April 1, 2009
Making her own history
Barbara Tripp has run Glen Isle resort for more than six decades
By Nicole Queen
As March drew to a close, so did Women’s History Month.
But a woman doesn’t need to be documented in a history book to have made a difference in the world.
She can be a person who touches the lives of others on a day-to-day basis.
Barbara Tripp, 85, is one such woman — with her own story. She graduated from University of Colorado at Boulder. She was the wife of a World War II soldier and a nurse to him later in life. She bore two children and adopted three more.
And all the while, she was the innkeeper, hostess, chef and preservationist for a bit of Colorado’s own history — the Glen Isle Resort, which overlooks the South Platte River off U.S. 285 in Bailey.
Tripp was born in 1923 in Greeley, and that event would lead to Glen Isle being a part of her life forever. Her grandparents, Arthur and Sarah Baldwin, came to Colorado from Michigan to see their newborn granddaughter. While here, the Baldwins fell in love with the state and decided to move here. Their destination of choice? Glen Isle.
The couple renovated the vacated lodge, which was built in 1900 and was once the rest stop for Denver-bound travelers whose train stopped at the small station in Bailey.
“Since I was young, I spent all my vacations up (at Glen Isle),” Tripp said.
Her favorite memory of the resort was taking horseback trips with her grandfather when she was young.
“Sometimes, he’d fall asleep on the way back,” she said. “And I’d be on the saddle, about 2 or 3 years old, and the horse always knew the way home.”
Because Tripp’s father was a superintendent for the Great Western Sugar Co., the family was a bit nomadic. They moved from Greeley to Denver when Tripp was 2 years old and to Eaton when she was 5.
When she was a sophomore in high school and the family moved once more to Ovid, on a prairie covered with wheat fields, Tripp knew where she was meant to be.
“All I could think about was getting back to the mountains, to Glen Isle,” she said.
When it was time to go to college, Tripp chose Scripps College in California. However, when the U.S. entered World War II, her family asked her to move back to Colorado, fearing California would be bombed. She graduated from CU with a double degree in sociology and psychology.
“I always thought that I never really used my degree,” Tripp said. “But my mother said I used it plenty at Glen Isle.”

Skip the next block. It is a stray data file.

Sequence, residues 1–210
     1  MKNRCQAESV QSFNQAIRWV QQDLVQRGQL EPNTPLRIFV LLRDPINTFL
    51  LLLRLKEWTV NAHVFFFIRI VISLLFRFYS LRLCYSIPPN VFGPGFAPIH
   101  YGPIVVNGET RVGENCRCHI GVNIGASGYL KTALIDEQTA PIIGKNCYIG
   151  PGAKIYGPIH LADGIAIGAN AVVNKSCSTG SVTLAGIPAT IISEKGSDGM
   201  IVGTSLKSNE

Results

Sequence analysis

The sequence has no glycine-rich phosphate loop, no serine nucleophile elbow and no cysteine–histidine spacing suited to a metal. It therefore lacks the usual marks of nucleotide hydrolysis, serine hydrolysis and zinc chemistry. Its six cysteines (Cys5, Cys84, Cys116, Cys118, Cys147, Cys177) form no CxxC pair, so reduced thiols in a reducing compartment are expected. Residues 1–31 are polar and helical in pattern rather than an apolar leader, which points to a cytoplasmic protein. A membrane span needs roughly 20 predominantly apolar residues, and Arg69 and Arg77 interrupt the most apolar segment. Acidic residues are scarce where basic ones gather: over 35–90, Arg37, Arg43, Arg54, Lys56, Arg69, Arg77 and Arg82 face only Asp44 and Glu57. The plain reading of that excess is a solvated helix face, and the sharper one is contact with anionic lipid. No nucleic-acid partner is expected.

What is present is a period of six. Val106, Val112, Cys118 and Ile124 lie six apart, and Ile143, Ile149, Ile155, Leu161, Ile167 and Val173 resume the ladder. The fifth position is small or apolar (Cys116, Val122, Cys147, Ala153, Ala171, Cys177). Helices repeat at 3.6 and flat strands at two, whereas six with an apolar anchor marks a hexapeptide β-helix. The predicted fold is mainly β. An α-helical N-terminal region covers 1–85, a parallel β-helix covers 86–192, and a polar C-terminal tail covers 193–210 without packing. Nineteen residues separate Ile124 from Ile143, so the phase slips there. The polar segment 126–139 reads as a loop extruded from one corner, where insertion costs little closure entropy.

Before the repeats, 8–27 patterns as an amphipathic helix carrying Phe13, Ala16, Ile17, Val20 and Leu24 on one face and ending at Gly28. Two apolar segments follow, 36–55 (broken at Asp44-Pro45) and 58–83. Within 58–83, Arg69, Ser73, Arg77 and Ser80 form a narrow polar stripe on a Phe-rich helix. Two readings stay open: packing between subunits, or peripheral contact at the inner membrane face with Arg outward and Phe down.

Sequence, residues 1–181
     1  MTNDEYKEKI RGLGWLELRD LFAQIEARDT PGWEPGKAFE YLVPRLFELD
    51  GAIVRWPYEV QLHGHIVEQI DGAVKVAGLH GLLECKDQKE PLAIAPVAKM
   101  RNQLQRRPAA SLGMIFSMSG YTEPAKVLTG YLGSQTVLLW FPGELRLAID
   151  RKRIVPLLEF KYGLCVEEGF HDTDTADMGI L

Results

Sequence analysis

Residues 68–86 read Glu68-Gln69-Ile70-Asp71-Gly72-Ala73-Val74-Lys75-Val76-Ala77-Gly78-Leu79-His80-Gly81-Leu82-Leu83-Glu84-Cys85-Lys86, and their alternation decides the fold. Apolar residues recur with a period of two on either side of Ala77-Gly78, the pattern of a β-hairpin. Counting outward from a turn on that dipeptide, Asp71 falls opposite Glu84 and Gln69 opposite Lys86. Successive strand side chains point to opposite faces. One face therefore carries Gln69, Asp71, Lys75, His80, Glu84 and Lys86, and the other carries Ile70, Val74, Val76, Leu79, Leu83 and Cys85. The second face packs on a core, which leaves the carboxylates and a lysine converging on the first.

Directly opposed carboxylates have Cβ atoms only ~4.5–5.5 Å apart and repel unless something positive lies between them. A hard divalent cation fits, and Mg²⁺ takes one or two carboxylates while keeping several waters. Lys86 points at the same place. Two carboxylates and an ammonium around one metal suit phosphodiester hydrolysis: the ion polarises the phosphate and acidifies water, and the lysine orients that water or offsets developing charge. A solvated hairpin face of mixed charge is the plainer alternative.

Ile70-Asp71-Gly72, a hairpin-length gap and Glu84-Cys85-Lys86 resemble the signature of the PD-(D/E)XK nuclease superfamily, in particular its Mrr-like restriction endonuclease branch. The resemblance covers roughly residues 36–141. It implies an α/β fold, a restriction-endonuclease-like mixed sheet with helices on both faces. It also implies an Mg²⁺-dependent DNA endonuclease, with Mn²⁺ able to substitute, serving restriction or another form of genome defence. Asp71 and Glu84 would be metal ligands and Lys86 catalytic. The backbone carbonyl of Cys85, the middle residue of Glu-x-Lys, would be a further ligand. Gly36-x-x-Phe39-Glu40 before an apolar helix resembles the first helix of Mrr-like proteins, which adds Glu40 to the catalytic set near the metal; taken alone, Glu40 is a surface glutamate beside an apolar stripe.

Through her college years, Tripp never forgot Glen Isle. After she graduated, she went back to help her grandparents run the resort.
Tripp met her husband, Gordon, a forest ranger in Bailey, and in 1944 they were married on the CU campus. In January 1945, Gordon was shipped to Germany to serve in a field artillery unit.
“I wrote a letter every day he was gone,” Tripp recounted. “And I sent a package every week with crazy things. He loved to read, so I sent lots of little paperback books, and one time I sent a bunch of yo-yos. What a crazy thing to send, but he said the guys loved them.”
While Gordon was away, Tripp took over Glen Isle full-time. It was the start of 61 years running the resort, and of building many more memories.
When the war was over, Gordon was sent home, and the Tripps started a family. They had five children, three of them adopted.
“Adopting the kids was so exciting,” she said. “It was fun to run the resort and look after the kids. For over 50 years, I cooked three meals a day. With five children and lodgers, it was hard. I look back and wonder how I did it all, but I guess I had lots of pep.”
In 1998, Gordon was diagnosed with the debilitating disease Guillain-Barre syndrome. Tripp had one of the resort’s cabins turned into a hospital of sorts for her husband, and she took turns with nurses taking care of him while continuing to run the resort.
“I had to work pretty hard because I had to do a lot of stuff he did before, like maintenance stuff,” she said. “We had trained nurses to take care of him around the clock, and I still ran the business.”
Her husband died after a 14-month fight.
Her children are now grown with families of their own, but Tripp still lives at Glen Isle and rents out the nine cabins on the property to lodgers in the summertime. Tripp turned the 14-room lodge, declared a National Historic Site in 1985, into a private museum with antique furniture and other historic items.
“A lot of people love to look at the things there,” she said.
Tripp said some of her lodgers go back five generations of Glen Isle regulars.
“We have a family that comes that’s the fifth generation since I’ve been here,” she said. “Their kids get married, and they come back and their kids come. It’s real fun to know everybody.”
Although it’s getting more difficult to run the resort on her own, Tripp said she is dedicated to operating it for as long as she can. Through her life, the historic Glen Isle has been a constant, and she plans to keep it that way.
Contact Nicole at firstname.lastname@example.org
As a follow on to Nicole's article, I have added the following links to the Park County Local History Archives photo galleries.
Glen Isle Wait Station
My Woodside Home Page